Posts Tagged Ron Howard

Hillbilly Elegy (2020)

Hillbilly Elegy is a film based on the novel of the same name by J.D. Vance.

Hillbillies in popular culture have usually been represented as figures of fun, even ridicule. Older readers will remember “The Beverly Hillbillies”, a TV comedy series based on a family from the Appalachian Mountains when oil was struck on their land, producing untold riches. They moved to California and continued to live like hillbillies in, of course, Beverly Hills. More affectionately, Don Macleans “Good ol boys drinkin` whiskey and rye” were clearly hillbilly types, albeit from further south. The hillbillies represented in this film could scarcely be more different.

So who were the hillbillies? Descended mainly from Scotch and Irish Protestant settlers who had ventured westward into the Appalachian Mountains from the 1750s onwards they had lived primitive lives in small, isolated mountain settlements with a good deal of in-breeding. The Appalachian Mountain chain stretches north to south from the Canadian border to the northern counties of Alabama and Georgia, but the hillbilly heartland is centred on West Virginia and the eastern areas of Kentucky, Tennessee and Ohio. The discovery of coal in the 19th century led to major industrial developments in this still mainly rural and scenic region, but they were concentrated in small towns and villages. To this day the region has no large cities. Marked by violent industrial strife, impoverished by the Great Depression and, after a brief period of prosperity, suffering from the effects of post-industrialisation from the 1980s it has the lowest living standards of any region in the U.S.A. In racial terms it has remained overwhelmingly white. This is the Hillbilly country depicted in the film – poor, white, backward and devastated by an opioid epidemic. The film is set around Jackson, eastern Kentucky, and the small industrial town of Middletown, Ohio. A review in AP News described the book on which the film was based as “an election year explainer (2016) to liberal America about the white underclass that fuelled Donald Trump`s rise”

The film is autobiographical, based on the experiences of 3 generations of one family. Mamaw (Glen Close), the grandmother who holds the family together, Beverley (Amy Adams), her daughter and J.D. (Gabriel Vasso) Beverley`s son and the author of the novel. J.D. has progressed from a troubled childhood, enlisted as a Marine and used the money earned to work his way through Ohio State University. His scheduled interview for a post in a prestigious firm on Wall Street is jeopardised by an emergency call from his sister back home – their mother has succumbed yet again to an overdose of drugs. The family story is told through a series of flashbacks to his childhood and adolescence. It is moving and, at times, frightening. The film had a mixed reception, with nominations for both the Golden Globe and the Golden Raspberry (Close became the third performer in history to be nominated for an Academy Award and a Golden Raspberry for the same performance). The film was criticised for perpetuating stereotypes about the poor and praised for its realism.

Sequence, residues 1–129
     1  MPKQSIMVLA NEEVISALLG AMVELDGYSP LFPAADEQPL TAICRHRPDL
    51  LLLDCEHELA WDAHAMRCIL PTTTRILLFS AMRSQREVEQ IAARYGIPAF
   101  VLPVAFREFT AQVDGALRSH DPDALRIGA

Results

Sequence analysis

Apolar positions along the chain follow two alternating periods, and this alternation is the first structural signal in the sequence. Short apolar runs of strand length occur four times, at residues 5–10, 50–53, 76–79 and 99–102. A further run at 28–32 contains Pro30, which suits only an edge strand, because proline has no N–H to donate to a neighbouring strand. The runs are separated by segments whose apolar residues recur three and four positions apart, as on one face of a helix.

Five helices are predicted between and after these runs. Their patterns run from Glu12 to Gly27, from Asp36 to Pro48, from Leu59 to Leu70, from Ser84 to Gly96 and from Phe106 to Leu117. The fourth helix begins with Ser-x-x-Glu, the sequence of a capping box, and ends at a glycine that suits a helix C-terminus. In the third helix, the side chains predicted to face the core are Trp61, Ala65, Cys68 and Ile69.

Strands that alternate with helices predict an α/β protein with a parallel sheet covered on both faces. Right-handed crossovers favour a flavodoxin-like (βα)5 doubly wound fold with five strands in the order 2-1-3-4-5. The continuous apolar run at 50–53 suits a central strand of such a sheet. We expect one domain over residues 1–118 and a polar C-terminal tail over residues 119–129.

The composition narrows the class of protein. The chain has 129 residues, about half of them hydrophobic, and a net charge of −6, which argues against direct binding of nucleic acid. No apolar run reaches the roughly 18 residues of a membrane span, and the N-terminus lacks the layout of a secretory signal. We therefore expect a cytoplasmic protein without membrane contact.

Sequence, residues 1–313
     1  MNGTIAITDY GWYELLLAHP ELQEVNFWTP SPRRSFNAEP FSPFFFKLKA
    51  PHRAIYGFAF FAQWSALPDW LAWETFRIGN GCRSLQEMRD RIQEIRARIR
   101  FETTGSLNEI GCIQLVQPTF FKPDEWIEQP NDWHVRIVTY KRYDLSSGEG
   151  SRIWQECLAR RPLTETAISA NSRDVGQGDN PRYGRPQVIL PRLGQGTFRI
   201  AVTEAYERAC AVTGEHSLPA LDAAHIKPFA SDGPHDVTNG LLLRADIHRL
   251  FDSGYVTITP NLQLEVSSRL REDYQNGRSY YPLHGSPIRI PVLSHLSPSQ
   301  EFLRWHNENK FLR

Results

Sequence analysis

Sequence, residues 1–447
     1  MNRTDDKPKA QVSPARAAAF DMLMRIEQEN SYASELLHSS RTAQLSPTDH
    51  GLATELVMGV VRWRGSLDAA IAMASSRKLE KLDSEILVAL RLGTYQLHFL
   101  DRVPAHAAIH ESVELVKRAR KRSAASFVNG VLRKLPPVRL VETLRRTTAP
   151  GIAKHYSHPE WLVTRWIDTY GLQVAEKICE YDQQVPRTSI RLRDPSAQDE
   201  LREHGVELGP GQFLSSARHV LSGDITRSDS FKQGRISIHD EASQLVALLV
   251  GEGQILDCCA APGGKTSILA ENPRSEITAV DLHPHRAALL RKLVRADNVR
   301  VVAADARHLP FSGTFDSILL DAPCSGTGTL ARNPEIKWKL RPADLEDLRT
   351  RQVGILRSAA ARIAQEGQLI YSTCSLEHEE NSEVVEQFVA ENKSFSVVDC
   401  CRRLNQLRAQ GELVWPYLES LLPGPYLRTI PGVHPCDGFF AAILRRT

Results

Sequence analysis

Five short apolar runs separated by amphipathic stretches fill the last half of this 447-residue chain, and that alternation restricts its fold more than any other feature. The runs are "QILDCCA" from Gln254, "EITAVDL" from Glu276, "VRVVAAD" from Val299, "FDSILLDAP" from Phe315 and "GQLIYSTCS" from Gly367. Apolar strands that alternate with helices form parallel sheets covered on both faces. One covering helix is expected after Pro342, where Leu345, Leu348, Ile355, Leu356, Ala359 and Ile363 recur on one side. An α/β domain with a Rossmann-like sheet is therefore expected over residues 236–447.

J.D. Vance himself is an aspiring Republican politician considering a run for the United States Senate in 2022 representing his home state of Ohio. A successful venture capitalist, he is being tipped as a future Presidential candidate (he will be 44 in 2028). Indeed some regard “Hillbilly Elegy” as a promotional film with this in mind. Watch it (it`s on Netflix) and see for yourself!

Reviewed by Henry Falconer
Director: Ron Howard
Writers: J.D. Vance (based on the book by), Vanessa Taylor
Stars: Amy Adams, Glenn Close, Gabriel Basso

View the trailer

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Solo: A Star Wars Story (2018)

solo-a-star-wars-story-uk-poster12A | 2h 15min | Action, Adventure, Fantasy | 24 May 2018 (UK)
Director: Ron Howard
Writers: Jonathan Kasdan, Lawrence Kasdan | 1 more credit »
Stars: Alden Ehrenreich, Woody Harrelson, Emilia Clarke

I hadn’t realised how hated Disney were by some till I started reading the reviews for Solo! Whilst this movie has its flaws I found it entertaining.

The plot is simple and straighforward. A young Han Solo joins a gang of galactic smugglers and travel to the mining planet Kessel to steal valuable coaxium (used to make fuel). Alden Ehrenreich as the young Solo isn’t as rugged or cynical as Harrison Ford’s version. That’s part of the problem. Many Star Wars fans found they young Solo unconvincing. Could this “pretty boy” really survive amongst the scum of the universe and become the older Solo? A man who seems to owe all the most dangerous people in the Universe money and lives on the edge and on the run. The answer for many was a resounding “No!”. Yet this is a younger Solo, setting out, learning lessons and becoming a man.

The film also has to tick some boxes along the way. He has to get his ship the Millennium Falcon. He must meet a certain Wookie etc. This is all weaved in fairly convincingly though.

Great action scenes and an interesting love interest in the form of eye-candy and great actor Emilia Clarke as Qi’ra. The dynamic of the relationship between Han and Qi’ra is fascinating. As Emillia said: “They grew up as comrades, essentially. They grew up as pals, as partners in crime. There is obviously the romantic side of things. But they grew up together. So they were kids together.”

There are some great supporting actors too, Joonas Suotamo as Chewbacca, Paul Bettany as Dryden Vos, Woody Harrelson as Tobias Beckett (to name just a few).

Go with an open mind and you may enjoy it!

Reviewed by Patrick Harrington

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